Let’s Talk Libraries: what a library really means

Library user reads Journal article in Dinnington Library. Photo by Simon Veit-Wilson.

Library user reads Journal article in Dinnington Library. Photo by Simon Veit-Wilson.

National Libraries Day: taking over the libraries on Saturday 9 February from 10.30am

The writers we commissioned for Let’s Talk Libraries – Ann Cleeves, Mari Hannah, Fiona Evans, David Almond and Michael Chaplin – were so affected by the stories of the people they met in these libraries that they’ve galvanised support from other writers, artists, actors and musicians on Tyneside to inhabit threatened libraries for an hour of fun on National Libraries Day.

The aim is to show the council and government how much libraries have to offer, and how much we value them.

On Saturday 9 February (National Libraries Day), libraries across Newcastle will be filled with activity for one hour from 10.30am, including these special events:

CRUDDAS PARK: special crime events with Ann Cleeves and Val McDermid, artist Emma Holiday and music by the Cornshed Sisters.

FENHAM: led by playwright Fiona Evans with special performances by actors Charlie Hardwick, Chelsea Halfpenny, Laura Norton and Zoe Lambert and screenwriter Karin Young.

HIGH HEATON: led by writer Valerie Laws with actress Libby Davison, children’s writers Alan Gibbons and Josephine Scott, and music by Jill Heslop’s Ribbon Road folk singers amongst others.

Also hosting events are Dinnington, Denton Burn, Blakelaw, Newbiggin Hill, Jesmond, Walker and Moorside libraries.

Please come along and spend time in these libraries during our hour of fun at 10.30am on Saturday 9 February, and show the council how much our libraries are worth to their communities.


What a library really means

At the end of 2012, Newcastle City Council proposed radical cutbacks to the library service in Newcastle, meaning that a number of libraries could close and that those remaining would have their book budget severely reduced. There are also proposed 100% cuts to cultural and heritage funding. You can read full details of the proposals, and have your say if you’re a Newcastle resident, here.

New Writing North, the writing and reading development agency for the north of England, wanted to find a way to articulate the value of libraries to those who use them and their wider communities.

So, we got in touch with local writers – writers who all say their libraries played a pivotal role in their development as young readers and in their careers as writers. Libraries now play a vital role in getting their books out to readers, and giving the writers spaces to work and undertake research for new books or plays.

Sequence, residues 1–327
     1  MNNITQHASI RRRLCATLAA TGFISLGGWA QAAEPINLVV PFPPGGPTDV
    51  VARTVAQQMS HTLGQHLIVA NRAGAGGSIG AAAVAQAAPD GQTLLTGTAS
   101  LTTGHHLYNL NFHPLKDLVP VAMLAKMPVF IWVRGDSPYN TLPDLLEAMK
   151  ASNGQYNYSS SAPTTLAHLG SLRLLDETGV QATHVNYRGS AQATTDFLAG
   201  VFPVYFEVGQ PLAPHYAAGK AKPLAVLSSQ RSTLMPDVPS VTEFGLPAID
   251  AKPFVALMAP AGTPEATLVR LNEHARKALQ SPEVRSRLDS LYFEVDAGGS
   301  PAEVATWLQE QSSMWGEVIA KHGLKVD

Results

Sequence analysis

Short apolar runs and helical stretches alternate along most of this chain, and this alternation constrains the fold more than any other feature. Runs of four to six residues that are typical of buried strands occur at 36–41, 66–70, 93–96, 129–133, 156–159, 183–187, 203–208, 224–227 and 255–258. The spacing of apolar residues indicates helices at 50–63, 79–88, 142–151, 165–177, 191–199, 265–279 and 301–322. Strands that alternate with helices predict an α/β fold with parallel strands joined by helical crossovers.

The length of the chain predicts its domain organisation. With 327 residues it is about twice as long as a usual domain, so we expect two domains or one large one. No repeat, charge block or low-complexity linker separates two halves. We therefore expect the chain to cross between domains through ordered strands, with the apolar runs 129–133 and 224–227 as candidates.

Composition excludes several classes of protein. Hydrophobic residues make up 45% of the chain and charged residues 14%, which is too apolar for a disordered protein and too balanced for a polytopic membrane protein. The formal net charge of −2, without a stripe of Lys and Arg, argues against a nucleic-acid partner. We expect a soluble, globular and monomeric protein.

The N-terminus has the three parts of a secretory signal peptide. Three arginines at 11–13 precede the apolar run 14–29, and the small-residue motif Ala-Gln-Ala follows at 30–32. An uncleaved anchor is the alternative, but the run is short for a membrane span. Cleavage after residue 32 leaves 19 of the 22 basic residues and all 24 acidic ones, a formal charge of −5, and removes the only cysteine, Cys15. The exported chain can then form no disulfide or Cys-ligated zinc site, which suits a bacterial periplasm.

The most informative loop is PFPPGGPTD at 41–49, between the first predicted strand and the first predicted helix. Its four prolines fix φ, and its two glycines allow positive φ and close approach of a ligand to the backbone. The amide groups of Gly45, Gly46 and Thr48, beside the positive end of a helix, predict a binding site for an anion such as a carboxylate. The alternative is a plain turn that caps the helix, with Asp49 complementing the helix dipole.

Five writers from the North East were approached and all agreed to take part.

They each visited one of the libraries which is facing closure, and spent time speaking to staff and those using the libraries to see what they got out of the experience. They also asked their opinions on the cuts.

The writers have captured the feel, heart and uses of local libraries and profiled the people who use them. Many of the people who would lose out are the most vulnerable in society and the people the writers spoke to, both staff and customers, all expressed their sheer incomprehension at the library no longer being available. Contrary to the council’s hope that those users would travel to another library if their local one is closed, very few felt able to do so, for a host of reasons from the financial to lack of mobility.

We’ll be publishing the five articles on this blog. We’ve published Ann Cleeves’ piece on Cruddas Park library already, in advance of her speaking at the Save Newcastle Libraries rally on Wednesday 9 January at the Assembly Rooms in Newcastle.

The rest will be published once a day from Monday 14 January, in this order:

Monday 14 January: Mari Hannah visits Denton Burn Library
Tuesday 15 January: Michael Chaplin visits Jesmond Library
Wednesday 16 January: David Almond visits Dinnington Library
Thursday 17 January: Fiona Evans visits Fenham Library

Our hope is that that these pieces will show the council the value of our libraries, and encourange them to re-think their proposals.

If the council goes ahead with the closures, these five pieces will have captured a moment in history, leaving a legacy and celebrating a time when we valued reading, education and accessibility to knowledge for all.

Thanks for reading and please support your local libraries.

New Writing North